Wednesday, January 20, 2016

On social ideals and values

Can you talk about human values, social ideals, etc. in a clear and objective way? Indeed you can – but only if you recognize that value-based claims and commitments cannot be objectively grounded as other sorts of claim can be. Much unnecessary conflict and confusion will be avoided if this fact is recognized and acknowledged.

In a piece recently published at The Electric Agora, I set out my views on this matter, sketching out, as concisely and dispassionately as possible, the implications of a particular (and I think perspicuous) view of logic, language and human knowledge. There was nothing particularly unusual or original in what I was saying, but it is a view which is strenuously rejected in many circles.

As I see it, value claims (which are based in biology and social and cultural interaction) are quite unlike ordinary factual or scientific claims. They are (I argue) simply not the sorts of things that can be objectively assessed as being true or false, correct or incorrect. And this idea has profound social and political implications. Embracing it entails a rejection of dogmatism, fanaticism and all forms of 'political correctness'.

In the essay I deal first with the nature of ordinary factual and scientific claims and then with aesthetic and moral claims respectively. Here is the final section – on morality.

Morality is a more difficult topic, partly because it is an intrinsically vague concept. Moral judgments can overlap with aesthetic judgments (courtesy and politeness, for example, have both a moral and an aesthetic dimension) and also, I would claim, with prudential judgments. (My views here are more in line with Classical than Christian thought.)

Prudential claims could be seen to have a greater claim to being objectively true (or false) than purely value-based claims as they relate to observable effects. Consider proverbs, for example, which tend to have a pragmatic and prudential (rather than a strictly moral) focus. “Oh, what a tangled web we weave, when first we practise to deceive.” “Early to bed and early to rise makes a man healthy, wealthy and wise.” Pretty vague and sweeping, but you could conceivably finesse these sorts of claims into testable hypotheses. The same goes for other proverbs many of which (helpfully? – well, perhaps not…) even incorporate numerical values. “An apple a day keeps the doctor away.” “A stitch in time saves nine.” “A bird in the hand is worth two in the bush.”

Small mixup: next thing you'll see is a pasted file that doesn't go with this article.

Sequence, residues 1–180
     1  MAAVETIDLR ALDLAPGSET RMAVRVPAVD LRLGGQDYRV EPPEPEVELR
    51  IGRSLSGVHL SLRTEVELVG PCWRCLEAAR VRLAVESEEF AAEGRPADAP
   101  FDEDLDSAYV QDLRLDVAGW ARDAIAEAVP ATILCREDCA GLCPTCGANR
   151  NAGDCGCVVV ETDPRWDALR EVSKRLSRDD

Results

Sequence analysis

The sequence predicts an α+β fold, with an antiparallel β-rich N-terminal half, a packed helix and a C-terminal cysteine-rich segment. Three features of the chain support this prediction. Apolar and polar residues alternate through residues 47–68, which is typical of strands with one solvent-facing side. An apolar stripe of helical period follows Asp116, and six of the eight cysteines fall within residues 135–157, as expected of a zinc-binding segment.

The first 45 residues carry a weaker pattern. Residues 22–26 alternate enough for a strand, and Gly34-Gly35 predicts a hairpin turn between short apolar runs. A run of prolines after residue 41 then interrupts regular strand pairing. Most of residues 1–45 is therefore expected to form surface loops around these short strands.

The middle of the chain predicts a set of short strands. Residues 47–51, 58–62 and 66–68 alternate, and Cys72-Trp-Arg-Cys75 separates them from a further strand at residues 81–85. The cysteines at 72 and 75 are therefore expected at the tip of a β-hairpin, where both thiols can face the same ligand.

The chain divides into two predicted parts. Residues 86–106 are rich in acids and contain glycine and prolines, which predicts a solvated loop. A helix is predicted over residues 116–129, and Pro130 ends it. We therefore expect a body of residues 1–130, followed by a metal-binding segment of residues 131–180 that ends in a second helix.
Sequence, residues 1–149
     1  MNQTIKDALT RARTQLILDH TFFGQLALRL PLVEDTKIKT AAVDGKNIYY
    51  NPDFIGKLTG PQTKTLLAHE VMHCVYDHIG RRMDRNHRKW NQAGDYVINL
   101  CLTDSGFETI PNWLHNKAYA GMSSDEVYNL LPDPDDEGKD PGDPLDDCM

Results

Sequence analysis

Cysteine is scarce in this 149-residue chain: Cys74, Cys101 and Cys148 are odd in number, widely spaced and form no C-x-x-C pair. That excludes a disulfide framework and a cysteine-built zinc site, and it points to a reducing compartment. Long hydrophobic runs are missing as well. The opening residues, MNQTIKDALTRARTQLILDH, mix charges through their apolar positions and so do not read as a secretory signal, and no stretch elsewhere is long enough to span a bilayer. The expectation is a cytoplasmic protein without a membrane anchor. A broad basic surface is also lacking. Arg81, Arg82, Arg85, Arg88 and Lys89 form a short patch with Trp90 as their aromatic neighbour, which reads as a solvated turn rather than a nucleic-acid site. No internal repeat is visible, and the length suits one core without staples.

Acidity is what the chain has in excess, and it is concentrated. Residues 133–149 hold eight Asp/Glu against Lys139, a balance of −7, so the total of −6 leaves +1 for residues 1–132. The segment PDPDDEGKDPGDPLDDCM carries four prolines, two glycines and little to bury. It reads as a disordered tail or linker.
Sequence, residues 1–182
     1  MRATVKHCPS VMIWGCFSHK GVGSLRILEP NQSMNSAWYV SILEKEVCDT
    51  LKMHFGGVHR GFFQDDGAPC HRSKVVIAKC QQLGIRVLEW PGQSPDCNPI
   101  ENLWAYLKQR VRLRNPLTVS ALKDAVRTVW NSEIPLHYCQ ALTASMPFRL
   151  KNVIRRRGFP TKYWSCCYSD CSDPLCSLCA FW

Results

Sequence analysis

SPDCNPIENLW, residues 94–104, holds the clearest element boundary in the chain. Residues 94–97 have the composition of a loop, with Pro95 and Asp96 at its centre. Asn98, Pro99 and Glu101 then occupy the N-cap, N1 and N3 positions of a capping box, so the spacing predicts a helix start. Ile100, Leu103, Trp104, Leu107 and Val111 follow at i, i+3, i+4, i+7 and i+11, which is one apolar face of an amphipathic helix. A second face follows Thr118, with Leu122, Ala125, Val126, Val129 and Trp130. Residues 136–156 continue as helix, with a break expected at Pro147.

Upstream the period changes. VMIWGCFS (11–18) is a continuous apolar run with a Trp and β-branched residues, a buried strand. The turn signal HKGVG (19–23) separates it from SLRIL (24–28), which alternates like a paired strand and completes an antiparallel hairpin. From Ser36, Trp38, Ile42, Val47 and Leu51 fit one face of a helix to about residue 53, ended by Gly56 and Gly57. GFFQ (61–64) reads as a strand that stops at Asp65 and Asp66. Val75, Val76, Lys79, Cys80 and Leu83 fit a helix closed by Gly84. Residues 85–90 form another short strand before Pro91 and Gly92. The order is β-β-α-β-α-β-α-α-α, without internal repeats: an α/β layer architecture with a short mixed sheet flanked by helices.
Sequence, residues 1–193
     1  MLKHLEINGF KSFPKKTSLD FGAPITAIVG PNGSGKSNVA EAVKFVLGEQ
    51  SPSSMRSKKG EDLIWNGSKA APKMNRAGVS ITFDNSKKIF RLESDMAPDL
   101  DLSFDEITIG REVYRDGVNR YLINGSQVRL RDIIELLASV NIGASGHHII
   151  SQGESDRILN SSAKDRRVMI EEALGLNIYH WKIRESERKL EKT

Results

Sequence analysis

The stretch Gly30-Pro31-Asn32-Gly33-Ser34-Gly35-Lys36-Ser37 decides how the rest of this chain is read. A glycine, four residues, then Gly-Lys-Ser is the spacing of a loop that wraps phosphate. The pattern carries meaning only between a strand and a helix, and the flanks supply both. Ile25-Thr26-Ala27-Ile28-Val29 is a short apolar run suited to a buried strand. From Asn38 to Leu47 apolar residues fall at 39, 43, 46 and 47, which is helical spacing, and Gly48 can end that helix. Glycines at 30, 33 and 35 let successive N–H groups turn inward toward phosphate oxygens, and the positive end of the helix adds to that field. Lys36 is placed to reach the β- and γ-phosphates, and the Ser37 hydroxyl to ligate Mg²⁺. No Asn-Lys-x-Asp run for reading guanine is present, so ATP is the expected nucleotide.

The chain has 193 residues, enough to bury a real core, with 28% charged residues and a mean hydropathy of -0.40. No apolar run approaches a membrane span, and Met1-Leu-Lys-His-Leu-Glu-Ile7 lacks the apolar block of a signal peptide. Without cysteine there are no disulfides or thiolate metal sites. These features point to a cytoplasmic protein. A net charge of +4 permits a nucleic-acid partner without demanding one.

By contrast to factual or prudential claims, we have, almost by definition, no way of testing value-based claims. Which human qualities are most to be valued (and encouraged), for instance? Individuals will differ in their views. Do we favor an ethic based on martial values of courage, strength and self-sufficiency; on justice and righteousness; or one based more on compassion and equality (i.e. a commitment to ‘social justice’)?

Or do we want to refuse to play that game altogether and adopt a ‘non-ethical’ (or amoral) ethic or perspective? (Machiavelli, Max Stirner…).

Politics and religion obviously come into the picture also, but it must be borne in mind that many religious and political claims are not mere value claims. Most traditional religious doctrines, for example, involve (sometimes testable) claims about how the world is. Likewise political ideologies (e.g. the social and economic predictions of various versions of Marxism or classical liberalism). So basic value elements often need to be isolated or disentangled from other elements.

But even if in many instances isolating the value-based elements is a difficult task, my central point stands, I think. We cannot demonstrate that someone making basic value claims which diverge from normally accepted standards is wrong or mistaken. The best we can do is to show them (if they are not already aware of the fact) that they are in a very small minority on the issue.

Of course, in the event of these anomalous views being associated with antisocial actions or behaviors, it is important that social mechanisms be activated to prevent (further) social harm. Nothing I’ve said here should be seen to deny or undermine this. Robust informal regulatory mechanisms exist in every functioning society. And, with respect to more formal mechanisms, it’s quite clear that efficient and equitable systems of law and law enforcement need not be in any way dependent on a commitment to notions of moral realism, natural law or natural rights.